As for me, I was in my 4th Year of Secondary School which was the last year everyone of my age would have to legally attend. In the May of that year we sat our first important exams, “O” Grades as they were called then (short for Ordinary although didn’t feel very ordinary when you were having to revise for them). When you have big exams coming up you do spend a lot of your time in your room studying, but of course you also need a bit of down time and the radio is probably switched on a bit more often that should be. I think I am still familiar with just about every song that hit the charts in the spring of 1976 and could still tell you which position they reached in the charts. After the exams were finished, a time of merriement commenced (as per the film Grease) and the two songs I remember clearly from that time are You To Me Are Everything by Liverpool band The Real Thing and Young Hearts Run Free by Candi Staton – If any company used either of those songs in an advert I would be putty in their hands.

As it turned out the exams of 1976 went very well but later on that year a lot of our classmates left school for good as there were plenty of jobs waiting for 16-year-olds in those days. Those of us who went back to school enjoyed the big hit of the autumn, Chicago’s If You Leave Me Now, and then over Christmas we were treated to Johnny Mathis with his version of When A Child Is Born (one for the mums and dads).

As the academic year went by and we all started to turn 17, the serious business of Higher Grade exams loomed which determined whether or not you would go to University. Like our old classmates who had already entered the adult world of work, life had got just that little bit more stressful and not as carefree as for our 16-year-old selves. The advertisers therefore have got it right I reckon – It is not the same for everyone but if you have to pick music from a year that will really boost sales, make it the year your target group turned 16. Works for me and my new really expensive car, and life assurance policy!

I shall leave you with Candi Staton and her June 1976 hit Young Hearts Run Free but it seems bizarre now that this was the track of choice for our end of term merriment. As I’ve said before however I really don’t think we took too much heed of the lyrics at that age – I’d not had any big romances yet and all the Mums and Dads I knew seemed to be quite happy (or perhaps I was too young and naïve to think otherwise). I loved Candi’s voice though and the song had a great sound to it. Perfect for the school disco.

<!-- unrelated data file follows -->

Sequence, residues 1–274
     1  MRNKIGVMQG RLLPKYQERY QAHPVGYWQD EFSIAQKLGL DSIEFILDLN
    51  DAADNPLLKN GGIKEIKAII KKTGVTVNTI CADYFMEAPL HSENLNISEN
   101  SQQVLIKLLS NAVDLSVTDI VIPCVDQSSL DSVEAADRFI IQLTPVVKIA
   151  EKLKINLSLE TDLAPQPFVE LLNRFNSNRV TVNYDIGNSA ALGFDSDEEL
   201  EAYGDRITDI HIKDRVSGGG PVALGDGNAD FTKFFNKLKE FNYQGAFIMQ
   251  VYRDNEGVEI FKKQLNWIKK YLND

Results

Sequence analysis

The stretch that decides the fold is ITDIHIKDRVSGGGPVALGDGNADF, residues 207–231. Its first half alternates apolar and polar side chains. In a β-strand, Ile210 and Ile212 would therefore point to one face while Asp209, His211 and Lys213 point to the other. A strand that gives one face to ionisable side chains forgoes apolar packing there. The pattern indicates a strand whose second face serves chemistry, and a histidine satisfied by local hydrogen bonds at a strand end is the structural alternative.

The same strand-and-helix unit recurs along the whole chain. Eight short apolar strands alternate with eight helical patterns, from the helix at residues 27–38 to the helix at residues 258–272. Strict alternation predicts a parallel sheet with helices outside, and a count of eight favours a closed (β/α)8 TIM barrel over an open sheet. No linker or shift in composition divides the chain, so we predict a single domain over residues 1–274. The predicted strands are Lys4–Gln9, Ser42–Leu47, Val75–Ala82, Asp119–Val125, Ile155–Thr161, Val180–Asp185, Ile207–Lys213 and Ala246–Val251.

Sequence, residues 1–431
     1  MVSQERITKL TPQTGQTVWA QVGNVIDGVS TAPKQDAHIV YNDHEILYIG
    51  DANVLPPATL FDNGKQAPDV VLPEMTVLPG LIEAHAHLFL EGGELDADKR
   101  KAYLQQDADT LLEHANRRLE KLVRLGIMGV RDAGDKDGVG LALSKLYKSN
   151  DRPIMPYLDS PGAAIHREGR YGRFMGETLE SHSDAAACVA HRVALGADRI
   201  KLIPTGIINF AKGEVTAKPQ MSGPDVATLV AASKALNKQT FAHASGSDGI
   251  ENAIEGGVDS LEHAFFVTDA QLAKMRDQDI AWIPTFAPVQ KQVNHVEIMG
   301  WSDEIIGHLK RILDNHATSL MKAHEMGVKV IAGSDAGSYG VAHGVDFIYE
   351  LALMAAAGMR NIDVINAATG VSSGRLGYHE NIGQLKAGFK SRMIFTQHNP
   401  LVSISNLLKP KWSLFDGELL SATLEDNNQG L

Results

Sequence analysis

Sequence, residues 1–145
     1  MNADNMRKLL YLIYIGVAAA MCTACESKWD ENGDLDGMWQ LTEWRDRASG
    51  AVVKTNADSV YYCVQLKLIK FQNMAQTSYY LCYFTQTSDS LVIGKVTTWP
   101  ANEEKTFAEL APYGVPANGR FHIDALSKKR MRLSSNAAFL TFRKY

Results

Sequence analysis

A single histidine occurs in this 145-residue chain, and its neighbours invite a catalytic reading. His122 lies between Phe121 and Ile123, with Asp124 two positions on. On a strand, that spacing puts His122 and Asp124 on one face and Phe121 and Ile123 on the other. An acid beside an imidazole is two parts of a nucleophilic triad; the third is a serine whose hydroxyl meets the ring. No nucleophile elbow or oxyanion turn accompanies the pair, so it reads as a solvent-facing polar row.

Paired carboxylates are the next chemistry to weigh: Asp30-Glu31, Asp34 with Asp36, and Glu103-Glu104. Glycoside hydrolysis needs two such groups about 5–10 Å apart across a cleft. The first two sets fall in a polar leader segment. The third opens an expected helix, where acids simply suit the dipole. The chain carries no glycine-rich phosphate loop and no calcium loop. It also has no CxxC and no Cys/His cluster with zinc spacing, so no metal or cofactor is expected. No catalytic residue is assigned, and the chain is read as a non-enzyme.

Young Hearts Run Free by Candi Staton:

Something that has only come to light in the last few years however – Whenever she was mentioned on the radio or on TOTP, she was always called Candi “Staton” (made to sound like Staten Island) but it turns out it should have been pronounced “State-en”. Poor lady has had her name mispronounced in the UK for the last 40 years but hopefully now put right. Tony Blackburn in the clip was obviously one of the main culprits but of course he was the DJ who badly mispronounced “Duran Duran” during a chart rundown in the ’80s so not surprising really. As it turns out I only discovered after his death that I had always mispronounced “Bowie” (as in David) so not always easy to get it right. Another tricky one is “Bono” of U2 – He always ends up sounding like a well-known dog food! Enough now…., time for me to sign off for today.

Young Hearts Run Free Lyrics
(Song by David Crawford)

What’s the sense in sharing this one and only life
Ending up just another lost and lonely wife
You count up the years and they will be filled with tears

Love only breaks up to start over again

You’ll get the babies but you won’t have your man
While he is busy loving every woman that he can  

Say I’m gonna leave a hundred times a day

It’s easier said than done
When you just can’t break away

Young hearts, run free
They’ll never be hung up, hung up like my man and me 
Young hearts, to yourself be true
Don’t be no fool when
Love really don’t love you 

It’s high time now just one crack at life
Who wants to live it in trouble and strife
My mind must be free to learn all I can about me

I’m gonna love me for the rest of my days

Encourage the babies every time they say
Self preservation is what’s really going on today

Say I’m gonna turn loose hundred times a day
How can I turn loose
When I just can’t break away